“It’s okay to cry, but you have to get over it, and get on with your life,” said New York Giants linebacker Jonathan Casillas. He talked about success and disappointment during an appearance as the Golden Door Charter School on March 2.
Although he had come back to Jersey City to take part in the National Read Across America Day, Casillas spoke a lot about his own struggles to escape poverty, a success story that later allowed him to play for two Super Bowl championship teams, and recently resulted in his signing a $10 million contract with the New York Giants.
Read Across America Day, which falls on or around Dr. Seuss’s birthday on March 2, encourages more than 45 million readers, both young and old, to pick up and read. Schools and other public places throughout the nation hold sessions similar to this in order to promote reading.
But Casillas also brought lessons about his own life to the school.
Escaping ‘The Hood’
Reading from Dr. Seuss’s “The Places You’ll Go,” Casillas talked about loneliness and the need for kids to stand up for themselves, relating these lessons to his own life. Casillas attended public elementary schools in Jersey City.
“I started out at PS 42 near Five Corners,” he said. “That school isn’t there anymore. I also went to PS 23 and PS 26.”
Later, he went to schools elsewhere in New Jersey before attending the University of Wisconsin.
He asked the students if they knew where Wisconsin was, and a few did, but he connected with those that didn’t, saying until he got there, he hadn’t known either.
“When I got there, I didn’t know anybody. I was far away from home. I eventually made friends, and I was part of the football team. But when I got there I was alone. I had to trust in myself.”
He said part of his inspiration was watching his mother struggle to raise five kids. He and his family started out struggling and on welfare, and his mother began to work hard to get them out of “the hood.”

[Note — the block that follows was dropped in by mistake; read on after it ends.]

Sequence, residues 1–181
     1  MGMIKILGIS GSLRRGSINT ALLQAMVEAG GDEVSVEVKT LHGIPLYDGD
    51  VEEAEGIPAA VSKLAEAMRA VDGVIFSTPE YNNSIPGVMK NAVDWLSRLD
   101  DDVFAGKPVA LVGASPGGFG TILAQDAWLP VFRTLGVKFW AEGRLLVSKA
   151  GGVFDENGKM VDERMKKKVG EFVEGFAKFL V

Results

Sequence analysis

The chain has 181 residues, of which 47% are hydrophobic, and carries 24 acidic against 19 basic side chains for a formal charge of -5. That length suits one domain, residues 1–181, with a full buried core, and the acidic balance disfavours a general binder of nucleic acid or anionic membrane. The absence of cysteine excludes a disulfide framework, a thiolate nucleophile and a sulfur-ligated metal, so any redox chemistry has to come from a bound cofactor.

“She worked jobs with no benefits. She was dedicated and worked hard. While I work hard in football, I can’t compare to parents like her who have to raise five kids.”
Being ‘big’ and listening to your parents and teachers
Some of the students asked him what he did growing up and whether he was rich. He laughed, and said he did chores at home at and in school.
“Do you still have chalk boards?” he asked, and then went on to talk about how he would clean chalk boards and take out trash to help at school, and at home, did similar chores, including taking out the trash, washing dishes and picking up dog waste.
“You have to live with yourself, and need to respect yourself.” – Jonathan Casillas
This inspired one student to ask if he had a dog.
“Sure I had a dog, whose pooh would I be picking up if I didn’t?” he said, then on a serious note, talked about two rules he has tried to get his own five year old daughter to live by: listen to parents and teachers, and act like a big girl.
“I guess in your case here, this would mean acting like big kids,” he said. “You have to live with yourself, and need to respect yourself. This also means showing respect for others and listening to your parents and teachers who have your best interests at heart.”
Making the best of a bad situation
Casillas went on to talk about one of the most difficult moments in his football career, and how he’d expected to be drafted relatively high up in the National Football League college football draft.
He threw a party in anticipation, but as the hours ticked by, he realized he had not been drafted, and people at the party started to wander away.
“I admit I cried,” he said. “It was difficult. It was a big blow. But instead of feeling sorry for myself, I sucked it up and took this as an opportunity.”
Because nobody had signed him, he was free to approach any team he wished, and eventually signed on with the New Orleans Saints.
“The situation became my teacher,” he laughed. “I didn’t get a lot of money. But I worked hard. I was a kid from Jersey City. I kept thinking of what my family might say. I believed in myself. After my first year on the team, we won the Super Bowl.”
Later, after being traded to the New England Patriots, Casillas won a second Super Bowl ring in 2015.
“This was a lesson. It’s okay to cry. But you have to get over it, and then get on with your life,” he said. “You have to face your fears, and be brave. I think I was brave. But I worked hard, too.”
Students from the charter school threw other questions at him, including some oddball questions as to whether he was as tough as boxing legend Mike Tyson.
“At my age and his, it’s debatable,” Casillas said, laughing. “But I won’t get into a fight with him.”
Al Sullivan may be reached at firstname.lastname@example.org.